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The Process of writing a historical Novel

If you’ve moseyed on over from the Pikespeakwriters.blogspot.com, welcome to my website. If you’ve stumbled upon my site, welcome too! Today we’re going to talk about those crazy ideas you have for your historical fiction. We’ll also touch upon the logline again, to be clear why it’s so important.

So, where do your ideas come from? Are you inspired by a book you read? Or, maybe a comic book/graphic novel? How about a film you saw, or a television show you watched? All of these are legitimate inspiration for your book. But before you crank up your word processor and begin writing, let me say this first.

Inspiration is not enough.

You have to do the hard work of forming and shaping this idea into a story.

Stories have several components. There is character, plot, setting, conflict and theme. Usually, when I get excited about an idea, it’s because one of these story elements have danced in my head over and over again. Which is it for you?

Do you have a major or minor character that you keep fantasizing about? A plucky immigrant with guts? Or maybe a girl blossoming into womanhood who must now act as a spy when she should be playing with make-up?

Or, do you have a plot in mind? A twist that sticks out in your head? (It wasn’t the butler, it was the masseuse!)

Or, do you have an idealized setting taking up all your time? Maybe it’s the Peninsular Campaign of the Napoleonic Wars? Perhaps you are fascinated by the culture of 4th century Persia?

Perhaps you see a conflict? Maybe a political movement that splits families, like abolition did in the U.S., or Suffrage did in Britain? Maybe you envision a particular war as the conflict in your story? Keep it. Use it.

Finally, there is theme. The argument you are trying to make in your story. The actions of your characters can all represent this theme. In Uncle Tom’s Cabin, the theme revolves around the myth of the protective slave owner. That slavery is bad because the owner will always put his or her self-interest above that of the slave, regardless how kind they are.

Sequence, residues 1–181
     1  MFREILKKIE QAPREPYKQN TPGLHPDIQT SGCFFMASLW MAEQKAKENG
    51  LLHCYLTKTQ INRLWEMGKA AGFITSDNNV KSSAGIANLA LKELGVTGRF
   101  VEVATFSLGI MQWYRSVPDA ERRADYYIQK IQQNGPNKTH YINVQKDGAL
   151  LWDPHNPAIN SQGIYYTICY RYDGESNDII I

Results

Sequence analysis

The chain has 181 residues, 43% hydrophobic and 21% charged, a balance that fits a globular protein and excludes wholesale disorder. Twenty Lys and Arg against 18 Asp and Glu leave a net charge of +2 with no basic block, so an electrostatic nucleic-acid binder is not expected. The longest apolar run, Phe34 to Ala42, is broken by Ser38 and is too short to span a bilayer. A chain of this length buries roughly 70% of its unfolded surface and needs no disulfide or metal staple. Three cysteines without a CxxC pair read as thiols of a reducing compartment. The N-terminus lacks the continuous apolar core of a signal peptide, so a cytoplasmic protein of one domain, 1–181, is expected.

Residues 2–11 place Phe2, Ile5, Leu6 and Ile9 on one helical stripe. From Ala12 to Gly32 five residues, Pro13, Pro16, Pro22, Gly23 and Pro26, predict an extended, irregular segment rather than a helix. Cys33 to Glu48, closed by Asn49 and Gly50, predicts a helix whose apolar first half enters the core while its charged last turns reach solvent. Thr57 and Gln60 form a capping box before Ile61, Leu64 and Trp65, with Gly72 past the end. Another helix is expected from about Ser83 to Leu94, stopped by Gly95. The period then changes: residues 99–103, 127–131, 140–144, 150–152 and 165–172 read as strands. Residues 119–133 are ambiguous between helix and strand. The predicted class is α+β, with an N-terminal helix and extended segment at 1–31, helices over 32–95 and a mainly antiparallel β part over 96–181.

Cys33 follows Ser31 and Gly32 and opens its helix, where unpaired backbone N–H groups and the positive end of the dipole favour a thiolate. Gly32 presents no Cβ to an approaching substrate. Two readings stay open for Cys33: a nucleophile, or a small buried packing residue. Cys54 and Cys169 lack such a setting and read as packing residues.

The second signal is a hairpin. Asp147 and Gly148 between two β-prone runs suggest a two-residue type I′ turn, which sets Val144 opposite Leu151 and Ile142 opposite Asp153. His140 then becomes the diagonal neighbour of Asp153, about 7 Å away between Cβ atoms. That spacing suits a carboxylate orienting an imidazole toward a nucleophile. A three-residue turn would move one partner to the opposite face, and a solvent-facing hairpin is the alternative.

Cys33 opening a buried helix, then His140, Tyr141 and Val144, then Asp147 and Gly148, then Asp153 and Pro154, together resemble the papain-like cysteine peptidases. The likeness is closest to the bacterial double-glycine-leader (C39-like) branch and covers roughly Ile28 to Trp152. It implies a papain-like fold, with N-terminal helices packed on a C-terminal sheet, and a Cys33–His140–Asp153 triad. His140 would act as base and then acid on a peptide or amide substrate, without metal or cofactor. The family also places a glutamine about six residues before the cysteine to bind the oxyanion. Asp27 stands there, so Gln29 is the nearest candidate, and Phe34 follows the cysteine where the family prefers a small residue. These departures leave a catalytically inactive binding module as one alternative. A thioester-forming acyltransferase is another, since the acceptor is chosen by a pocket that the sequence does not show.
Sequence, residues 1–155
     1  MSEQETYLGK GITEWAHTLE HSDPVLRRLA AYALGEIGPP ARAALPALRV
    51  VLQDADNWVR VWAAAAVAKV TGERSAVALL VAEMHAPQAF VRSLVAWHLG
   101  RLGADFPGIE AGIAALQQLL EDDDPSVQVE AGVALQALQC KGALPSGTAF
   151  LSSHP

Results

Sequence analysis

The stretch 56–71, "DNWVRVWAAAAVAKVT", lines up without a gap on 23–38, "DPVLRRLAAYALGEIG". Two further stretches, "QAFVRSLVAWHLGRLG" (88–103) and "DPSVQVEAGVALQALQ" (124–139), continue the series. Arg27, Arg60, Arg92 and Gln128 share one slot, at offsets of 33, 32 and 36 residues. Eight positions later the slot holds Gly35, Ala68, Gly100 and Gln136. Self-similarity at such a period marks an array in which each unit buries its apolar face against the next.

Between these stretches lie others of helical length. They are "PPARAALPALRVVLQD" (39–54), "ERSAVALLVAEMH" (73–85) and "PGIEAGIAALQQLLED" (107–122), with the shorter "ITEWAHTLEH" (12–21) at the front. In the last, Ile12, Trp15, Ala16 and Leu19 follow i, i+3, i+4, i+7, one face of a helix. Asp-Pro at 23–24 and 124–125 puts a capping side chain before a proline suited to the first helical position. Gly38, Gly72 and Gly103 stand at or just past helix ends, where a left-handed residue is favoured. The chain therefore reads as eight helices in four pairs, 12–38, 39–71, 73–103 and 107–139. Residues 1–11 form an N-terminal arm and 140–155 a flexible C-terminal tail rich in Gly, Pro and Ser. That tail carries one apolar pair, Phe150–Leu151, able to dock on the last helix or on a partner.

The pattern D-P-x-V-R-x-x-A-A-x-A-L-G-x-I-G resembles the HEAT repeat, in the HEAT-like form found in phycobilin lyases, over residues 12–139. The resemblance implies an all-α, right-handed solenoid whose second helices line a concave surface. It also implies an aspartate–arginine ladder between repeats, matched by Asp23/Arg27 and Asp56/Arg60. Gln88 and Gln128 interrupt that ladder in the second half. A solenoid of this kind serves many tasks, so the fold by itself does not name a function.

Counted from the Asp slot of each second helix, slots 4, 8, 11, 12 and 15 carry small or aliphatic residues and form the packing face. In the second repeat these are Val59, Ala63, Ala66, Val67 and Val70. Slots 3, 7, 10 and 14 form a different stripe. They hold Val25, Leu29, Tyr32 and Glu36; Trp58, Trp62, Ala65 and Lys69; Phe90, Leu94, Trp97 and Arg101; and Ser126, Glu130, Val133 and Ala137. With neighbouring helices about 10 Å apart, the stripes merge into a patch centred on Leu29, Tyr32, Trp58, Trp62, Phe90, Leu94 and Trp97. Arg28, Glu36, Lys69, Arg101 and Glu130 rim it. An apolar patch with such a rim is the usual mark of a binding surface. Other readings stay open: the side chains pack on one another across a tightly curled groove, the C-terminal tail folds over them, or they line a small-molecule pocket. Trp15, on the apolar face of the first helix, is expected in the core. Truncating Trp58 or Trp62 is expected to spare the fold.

In The Jungle by Upton Sinclair, the theme is that you can’t trust capitalists with the best interests of the people. They will poison your food, fire you, and take advantage of you.

Whatever your starting point, you need to tease the story out. You need to develop this idea you have and make sure it connects with the others.

If your starting point is with a character, ask that character some questions. Find out what makes that character unique. What are his or her strengths? What makes them likable? What are their weaknesses? (Weaknesses are particularly important because the best stories are sometimes about characters discovering their weaknesses and overcoming them.)

Let me tell you about my first manuscript, The Gallowglass.

First of all, Gallowglass are a hereditary mercenary class of soldiers that existed in Ireland up through the middle of the 17th century. My story takes place in Ireland, towards the end of Queen Elizabeth’s reign in 1597. It just so happened that a MAJOR rebellion against English rule was occurring at the same time. That is the setting of my story. So how did I get here?

I was watching The Last of the Mohicans starring Daniel Day Lewis. There was that one battle, towards the middle of the film? The Massacre at Ft. William Henry? Yeah. That battle scene was EPIC! I was 21 when that film came out and it haunted me.

A couple of years later I read a book called The Twilight Lords, by Richard Berleth. It described the rebellion against English rule in the 1590s. The stories in that book captivated me. The story of Anglo-Irish lords trying to carve out some independence from England. The futile attempts at converting the Irish to Protestantism. The fear of Spain getting seriously involved in Ireland. Why hadn’t anybody turned this into a film?

In the book Berleth writes about the greatest defeat of the English under a Tudor monarch. It happened in the county of Ulster and is called The Battle of the Yellow Ford. I read Berleth’s account and it reminded me a lot of The Massacre at Ft. William Henry. So much so I started writing a screenplay in 1995. Then a book, in 1998. None of it came to any fruition. I finally got serious about it in 2015. I wrote a first draft – which was awful. It had all the mistakes you shouldn’t make in a book; head hopping, bad grammar, no central character and no action.

So in January of 2016 I decided I would settle in on one POV character. I would focus in on action and tension. I then added a love interest.

For me, a setting or conflict wasn’t enough. I had to figure out whose story I was telling and why I was telling it. I had to do the work of crafting a story.

This is why a logline is so important to your book. It will focus your attention on what your story is about. It will bring you back to the heart of your story. So let’s review the logline formula again.


An adjective to describe the protagonist

An adjective to describe the antagonist

A compelling goal we identify with as human beings

It should offer the most conflict in the situation

Show the protagonist has the longest way to go emotionally.



I hope this has been helpful. Next week I’ll have a book review for you. Next month at PikesPeakWriters.blogspot.com, I’ll talk about organizing your story before you write.


Have a great day!

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